Yesterday, however, around 50 women were present and most of them arrived late when the judge had already begun going over excerpts of the judgment.

I understand what happened - David

MBABANE – Convicted serial killer David Thabo Simelane says he understands the judgment that finds him guilty on 28 murder counts.

Simelane told this to his lawyer Mduduzi ‘Tsotsi’ Mabila, soon after High Court Judge Jacobus Annandale had read excerpts from the 232-page judgment on the serial killer’s 35 murder charges.

As Simelane exited the accused box and headed down the stairway leading to the High Court holding cells in the company of prison warders, Mabila indicated he would like to have a word with his client.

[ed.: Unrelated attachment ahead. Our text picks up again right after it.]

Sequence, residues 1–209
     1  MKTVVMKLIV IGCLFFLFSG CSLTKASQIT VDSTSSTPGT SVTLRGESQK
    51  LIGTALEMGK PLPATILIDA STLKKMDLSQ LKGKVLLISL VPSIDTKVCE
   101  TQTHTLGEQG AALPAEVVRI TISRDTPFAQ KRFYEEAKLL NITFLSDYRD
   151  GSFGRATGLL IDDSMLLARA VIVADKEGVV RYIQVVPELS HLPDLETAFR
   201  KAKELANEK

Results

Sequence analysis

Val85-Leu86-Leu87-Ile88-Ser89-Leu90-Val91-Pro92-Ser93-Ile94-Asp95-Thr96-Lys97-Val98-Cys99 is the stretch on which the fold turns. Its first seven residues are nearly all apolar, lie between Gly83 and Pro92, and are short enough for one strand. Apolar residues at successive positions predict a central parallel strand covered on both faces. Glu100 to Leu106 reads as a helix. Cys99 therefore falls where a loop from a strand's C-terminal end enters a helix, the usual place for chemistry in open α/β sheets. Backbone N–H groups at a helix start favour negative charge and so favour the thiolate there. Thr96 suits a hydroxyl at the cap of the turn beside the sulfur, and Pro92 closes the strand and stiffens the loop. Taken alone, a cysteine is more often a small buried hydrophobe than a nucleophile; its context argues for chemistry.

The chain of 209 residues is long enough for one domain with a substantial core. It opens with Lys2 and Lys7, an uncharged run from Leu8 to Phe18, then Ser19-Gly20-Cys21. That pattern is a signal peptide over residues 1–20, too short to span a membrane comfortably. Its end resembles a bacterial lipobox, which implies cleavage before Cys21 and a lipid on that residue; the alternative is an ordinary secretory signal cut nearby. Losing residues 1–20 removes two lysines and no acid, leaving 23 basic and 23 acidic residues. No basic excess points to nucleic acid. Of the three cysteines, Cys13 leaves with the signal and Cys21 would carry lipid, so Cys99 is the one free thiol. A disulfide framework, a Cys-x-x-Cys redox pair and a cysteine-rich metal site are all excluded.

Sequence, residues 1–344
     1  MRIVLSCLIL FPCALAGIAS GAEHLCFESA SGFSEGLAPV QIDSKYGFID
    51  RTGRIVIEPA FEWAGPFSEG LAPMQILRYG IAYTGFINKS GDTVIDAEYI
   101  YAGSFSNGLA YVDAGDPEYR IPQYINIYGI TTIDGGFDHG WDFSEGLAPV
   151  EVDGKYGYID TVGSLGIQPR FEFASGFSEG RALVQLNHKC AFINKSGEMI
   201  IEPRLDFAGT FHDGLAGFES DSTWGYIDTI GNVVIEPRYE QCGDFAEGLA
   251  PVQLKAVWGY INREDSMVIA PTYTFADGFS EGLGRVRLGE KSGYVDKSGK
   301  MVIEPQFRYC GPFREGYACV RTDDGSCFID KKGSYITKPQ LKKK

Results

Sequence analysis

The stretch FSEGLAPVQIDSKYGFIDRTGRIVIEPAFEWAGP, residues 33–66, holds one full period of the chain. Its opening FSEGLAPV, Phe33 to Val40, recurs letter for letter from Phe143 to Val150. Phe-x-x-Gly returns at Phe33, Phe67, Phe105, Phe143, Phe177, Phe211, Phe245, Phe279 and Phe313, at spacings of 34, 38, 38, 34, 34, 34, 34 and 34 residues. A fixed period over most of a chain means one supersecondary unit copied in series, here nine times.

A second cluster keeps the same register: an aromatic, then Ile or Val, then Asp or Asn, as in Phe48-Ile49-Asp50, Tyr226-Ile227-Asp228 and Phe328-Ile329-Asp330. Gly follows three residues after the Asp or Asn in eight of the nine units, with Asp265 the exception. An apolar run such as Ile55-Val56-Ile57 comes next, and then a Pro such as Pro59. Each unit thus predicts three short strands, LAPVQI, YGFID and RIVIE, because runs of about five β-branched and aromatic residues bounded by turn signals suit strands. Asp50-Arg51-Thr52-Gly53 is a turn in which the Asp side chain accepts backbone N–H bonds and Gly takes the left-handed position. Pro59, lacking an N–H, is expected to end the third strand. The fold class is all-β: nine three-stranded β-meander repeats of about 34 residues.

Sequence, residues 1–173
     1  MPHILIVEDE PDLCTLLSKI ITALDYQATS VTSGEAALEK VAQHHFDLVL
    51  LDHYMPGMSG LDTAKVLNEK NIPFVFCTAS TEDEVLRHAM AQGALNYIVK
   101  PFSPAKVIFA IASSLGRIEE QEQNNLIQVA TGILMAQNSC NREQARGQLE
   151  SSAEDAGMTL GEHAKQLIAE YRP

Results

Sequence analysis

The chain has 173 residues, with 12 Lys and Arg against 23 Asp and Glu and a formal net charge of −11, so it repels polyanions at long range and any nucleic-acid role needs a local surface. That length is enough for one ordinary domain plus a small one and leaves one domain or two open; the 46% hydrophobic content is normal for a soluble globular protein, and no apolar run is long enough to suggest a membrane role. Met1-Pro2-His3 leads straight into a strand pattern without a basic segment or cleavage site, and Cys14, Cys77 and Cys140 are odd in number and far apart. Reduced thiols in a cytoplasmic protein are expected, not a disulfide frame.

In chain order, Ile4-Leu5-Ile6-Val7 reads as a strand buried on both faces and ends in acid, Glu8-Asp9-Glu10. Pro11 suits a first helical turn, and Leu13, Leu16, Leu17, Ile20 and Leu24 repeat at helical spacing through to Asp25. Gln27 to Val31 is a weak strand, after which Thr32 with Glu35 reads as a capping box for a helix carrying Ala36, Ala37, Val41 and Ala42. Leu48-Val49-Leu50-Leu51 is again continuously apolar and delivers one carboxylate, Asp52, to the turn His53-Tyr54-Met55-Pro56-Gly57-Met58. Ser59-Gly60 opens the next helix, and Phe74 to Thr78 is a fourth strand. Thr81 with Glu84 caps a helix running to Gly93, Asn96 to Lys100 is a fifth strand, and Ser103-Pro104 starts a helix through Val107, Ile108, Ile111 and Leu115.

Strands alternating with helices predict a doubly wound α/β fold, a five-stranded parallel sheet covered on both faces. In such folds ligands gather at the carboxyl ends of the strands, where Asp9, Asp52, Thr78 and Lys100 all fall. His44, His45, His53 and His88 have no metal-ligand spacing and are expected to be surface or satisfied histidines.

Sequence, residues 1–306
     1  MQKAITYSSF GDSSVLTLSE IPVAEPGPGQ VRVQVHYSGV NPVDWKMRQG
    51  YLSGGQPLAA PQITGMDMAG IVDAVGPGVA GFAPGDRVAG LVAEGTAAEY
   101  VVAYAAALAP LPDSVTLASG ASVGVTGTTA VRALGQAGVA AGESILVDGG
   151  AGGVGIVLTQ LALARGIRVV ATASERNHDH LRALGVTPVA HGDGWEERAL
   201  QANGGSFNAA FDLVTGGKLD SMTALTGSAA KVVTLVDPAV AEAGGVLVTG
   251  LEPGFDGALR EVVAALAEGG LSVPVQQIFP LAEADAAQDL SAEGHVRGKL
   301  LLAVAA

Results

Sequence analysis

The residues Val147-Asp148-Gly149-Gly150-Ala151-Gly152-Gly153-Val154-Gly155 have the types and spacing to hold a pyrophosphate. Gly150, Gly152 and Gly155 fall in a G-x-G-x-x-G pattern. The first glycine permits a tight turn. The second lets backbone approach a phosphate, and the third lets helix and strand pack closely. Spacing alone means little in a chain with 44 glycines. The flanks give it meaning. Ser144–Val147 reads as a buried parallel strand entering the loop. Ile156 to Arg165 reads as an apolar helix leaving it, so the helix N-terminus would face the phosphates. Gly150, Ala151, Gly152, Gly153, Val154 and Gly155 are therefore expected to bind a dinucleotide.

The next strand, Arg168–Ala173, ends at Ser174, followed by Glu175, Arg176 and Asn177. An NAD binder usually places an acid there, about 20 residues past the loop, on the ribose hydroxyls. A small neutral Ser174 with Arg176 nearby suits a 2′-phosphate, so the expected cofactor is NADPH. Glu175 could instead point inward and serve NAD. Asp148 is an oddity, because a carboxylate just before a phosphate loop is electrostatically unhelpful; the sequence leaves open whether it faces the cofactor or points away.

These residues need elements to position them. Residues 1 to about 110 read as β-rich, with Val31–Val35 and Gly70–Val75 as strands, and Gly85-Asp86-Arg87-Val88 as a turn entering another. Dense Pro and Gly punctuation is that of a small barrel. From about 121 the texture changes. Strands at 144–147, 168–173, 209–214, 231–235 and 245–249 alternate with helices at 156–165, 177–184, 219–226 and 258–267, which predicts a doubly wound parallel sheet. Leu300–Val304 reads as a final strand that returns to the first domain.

The warders then waited with Simelane at the end of the stairway, where Mabila spoke to him and briefly explained the meaning of the judgment. He alerted Simelane, to the judge’s comments, that there was no single charge the DPP proved without linking it to the serial killer’s confession.

"There is hope because the judge has spoken about the confession and therefore I have to go over the judgment and then take it from there. But there is hope. Do you understand what happened?" Mabila asked Simelane.

With the water bottle still in his right hand, Simelane, whose voice appeared to shake a bit, moved closer to Mabila and said: "I do understand what happened."

Mabila then promised to get back to Simelane after reading the judgment to discuss their next step.

Simelane then exchanged goodbyes with his lawyer, before disappearing down the stairs with the warders.


Comments

This case has dragged for so long but one thing for sure its going for an appeal. cant wait to get to know the sentence. Madvudvu kulabalahlekelwa.
Mar 24, 2011, 10:05 AM, maya